It isn’t uncommon for synthetic caffeine to be produced in unregulated labs in foreign countries without any verifiable record of their handling. Foreign inspections are infrequent and thus the door is left wide open for corner cutting in regards to following health regulations (9). This is highly concerning, especially as the dominant producer of the world’s caffeine supply is the same nation consistently in the media for contamination issues with products such as baby formula and medical tablets. Furthermore, much of this industry is still opaque and fairly difficult for consumers to research themselves.

Synthetic caffeine undergoes many steps to be converted from its initial form as ammonia. Generally, it is exposed to harsh chemicals during production, such as methylene chloride, ethyl acetate and carbon dioxide. Furthermore, synthetic caffeine glows – a rather frightening look – which is removed by rinsing the caffeine with sodium nitrite, acetic acid, sodium carbonate and chloroform (10). All these ingredients sound scary – not at all like substances you want to be consuming when you drink your morning coffee!

Of course, not all synthetic caffeine is dangerous or harmful when consumed in small quantities. The reality is that you have probably unknowingly consumed it sometime this week or even today. It is always beneficial to be more aware of where the products you buy come from – so next time you read the word caffeine on a label, ask yourself where it may have come from, and if it’s something you really need.

 

Natural Alternatives

Production processes aside, synthetic caffeine is often paired with energy drinks and sodas outrageously high in sugar and full of artificial ingredients. They are generally hollow calories and do nothing but damage our health. If it’s that buzz you’re looking for, there are plenty of available alternatives with none of the nasty additives.

True has created a range of products that contain natural caffeine, making them a healthy way to get your energy fix.

True Pre is a pre-workout blend designed to maximise your workout performance. Formulated with scientifically backed doses, it uses an 11-ingredient recipe to deliver an all-natural supplement. Pre is also available without caffeine for those who like a boost but without the stimulant.

True Coffee is a premium instant coffee powder, made with 100% natural coffee sourced from India. Rich in antioxidants and amino acids, this blend is good for your health – reducing stress and promoting liver function. True Coffee is specifically made to be a mood elevator, having anti-depressant effects and improving your focus.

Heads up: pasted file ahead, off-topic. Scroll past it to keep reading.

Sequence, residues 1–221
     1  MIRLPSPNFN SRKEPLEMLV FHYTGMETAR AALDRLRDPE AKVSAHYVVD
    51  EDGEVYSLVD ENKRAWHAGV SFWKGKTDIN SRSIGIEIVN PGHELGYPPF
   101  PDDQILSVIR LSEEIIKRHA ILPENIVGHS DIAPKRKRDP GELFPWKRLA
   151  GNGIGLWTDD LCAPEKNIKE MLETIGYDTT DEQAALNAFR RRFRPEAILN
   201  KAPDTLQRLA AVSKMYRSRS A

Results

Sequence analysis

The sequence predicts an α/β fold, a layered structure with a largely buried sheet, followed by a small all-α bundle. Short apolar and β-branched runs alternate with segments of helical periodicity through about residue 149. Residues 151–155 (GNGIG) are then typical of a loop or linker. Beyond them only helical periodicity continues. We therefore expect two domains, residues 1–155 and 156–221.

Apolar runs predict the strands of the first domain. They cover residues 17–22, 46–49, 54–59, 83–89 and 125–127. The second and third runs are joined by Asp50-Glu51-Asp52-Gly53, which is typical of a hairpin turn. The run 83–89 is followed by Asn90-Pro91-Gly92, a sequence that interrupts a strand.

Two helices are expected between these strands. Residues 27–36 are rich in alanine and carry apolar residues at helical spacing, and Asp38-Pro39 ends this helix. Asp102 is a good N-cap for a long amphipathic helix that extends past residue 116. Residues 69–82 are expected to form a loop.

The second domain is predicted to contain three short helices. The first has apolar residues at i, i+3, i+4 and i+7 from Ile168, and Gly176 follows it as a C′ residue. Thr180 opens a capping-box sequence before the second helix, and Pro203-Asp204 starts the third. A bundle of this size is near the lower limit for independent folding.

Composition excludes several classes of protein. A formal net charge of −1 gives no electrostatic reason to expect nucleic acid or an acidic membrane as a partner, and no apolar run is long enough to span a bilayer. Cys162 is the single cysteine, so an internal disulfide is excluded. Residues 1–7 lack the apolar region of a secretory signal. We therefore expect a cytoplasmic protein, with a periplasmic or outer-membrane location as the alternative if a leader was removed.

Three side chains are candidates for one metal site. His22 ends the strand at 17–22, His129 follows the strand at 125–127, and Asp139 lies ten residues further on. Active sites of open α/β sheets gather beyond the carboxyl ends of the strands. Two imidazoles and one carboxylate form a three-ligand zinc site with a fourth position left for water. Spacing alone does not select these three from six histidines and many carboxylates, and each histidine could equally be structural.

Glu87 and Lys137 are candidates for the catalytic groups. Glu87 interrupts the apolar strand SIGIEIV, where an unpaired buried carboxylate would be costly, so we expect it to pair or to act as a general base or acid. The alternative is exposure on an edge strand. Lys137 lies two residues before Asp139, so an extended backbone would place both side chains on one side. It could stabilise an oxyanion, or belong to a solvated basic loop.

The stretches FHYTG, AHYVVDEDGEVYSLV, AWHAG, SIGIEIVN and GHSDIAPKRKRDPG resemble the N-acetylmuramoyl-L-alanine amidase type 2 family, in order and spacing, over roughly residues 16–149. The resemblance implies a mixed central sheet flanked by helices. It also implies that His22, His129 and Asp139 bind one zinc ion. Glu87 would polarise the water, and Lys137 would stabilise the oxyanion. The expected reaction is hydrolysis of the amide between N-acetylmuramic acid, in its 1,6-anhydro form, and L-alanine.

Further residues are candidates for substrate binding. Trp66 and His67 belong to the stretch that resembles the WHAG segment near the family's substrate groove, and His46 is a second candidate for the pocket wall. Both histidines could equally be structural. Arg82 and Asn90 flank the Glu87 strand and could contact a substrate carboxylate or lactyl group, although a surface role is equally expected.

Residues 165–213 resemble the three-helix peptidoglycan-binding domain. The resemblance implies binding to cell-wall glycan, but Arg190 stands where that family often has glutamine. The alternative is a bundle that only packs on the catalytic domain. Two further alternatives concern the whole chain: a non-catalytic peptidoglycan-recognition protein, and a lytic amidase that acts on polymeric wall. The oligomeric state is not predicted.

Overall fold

Our Whey Protein Isolate (WPI), Whey Protein Concentrate (WPC) and Vegan85 are also available in a coffee mocha flavour – perfect for those who are looking to boost their protein intake while also getting the added boost of caffeine.

True has crafted all formulas to contain only the highest standard of production and best quality ingredients. All caffeinated products come with a disclaimer and recommended dosage on the packaging, clearly advising you on how best to enjoy our products.

 

Conclusion

Unless you don’t mind the fatiguing synthetic crash and questionable production process, choose natural caffeine when possible. Not only will it provide a longer, more sustainable energy boost, it’s also far less likely to be contaminated with any chemical by-products. It is for these reasons that all of True Protein’s caffeinated products only feature natural caffeine. Knowing the difference between natural and synthetic caffeine is critical to ensuring you are consuming the products most beneficial to you.

Hopefully, now you know the basics, you’ll be able to avoid the synthetic crash and opt for a caffeine product that maximises your results in and out of the gym!

 

References

  1. https://foodinsight.org/natural-vs-added-caffeine-whats-the-differencedoi:10.3402/mehd.v26.26191.

  2. https://www.health.harvard.edu/staying-healthy/the-buzz-about-caffeine-and-healthdoi:10.3402/mehd.v26.26191.

  3. https://www.medicalnewstoday.com/articles/321784.phpdoi:10.3402/mehd.v26.26191.

  4. https://academic.oup.com/jn/article/144/6/890/4615979doi:10.3402/mehd.v26.26191.

  5. https://bjsm.bmj.com/content/early/2019/03/29/bjsports-2018-100278doi:10.3402/mehd.v26.26191.

  6. Frary, C.D., Johnson, R.K. & Wang, M.Q.Food sources and intakes of caffeine in the diets of persons in the United States. J. Am. Diet. Assoc. 105, 110–113 (2005)doi:10.3402/mehd.v26.26191.

  7. https://purelyft.com/blogs/blog/dangers-of-synthetic-caffeinedoi:10.3402/mehd.v26.26191.

  8. https://www.organicauthority.com/health/need-a-lift-or-a-jolt-the-important-differences-between-natural-and-synthetic-caffeine-natural-caffeine-vs-synthetic-why-the-difference-is-importantdoi:10.3402/mehd.v26.26191.

  9. https://www.npr.org/sections/thesalt/2014/03/13/289750754/wake-up-and-smell-the-caffeine-its-a-powerful-drugdoi:10.3402/mehd.v26.26191.

  10. https://www.decadentdecaf.com/blogs/decadent-decaf-coffee-co/174589383-ever-wondered-where-the-caffeine-comes-from-in-soda-or-energy-drinks-answer-synthetic-caffeinedoi:10.3402/mehd.v26.26191.

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IMPORTANT INFORMATION: all content provided here is of a general nature only and is not a substitute for individualised professional medical advice, diagnosis or treatment and reliance should not be placed on it. For personalised medical or nutrition advice, please make an appointment with your doctor, dietitian or qualified health care professional.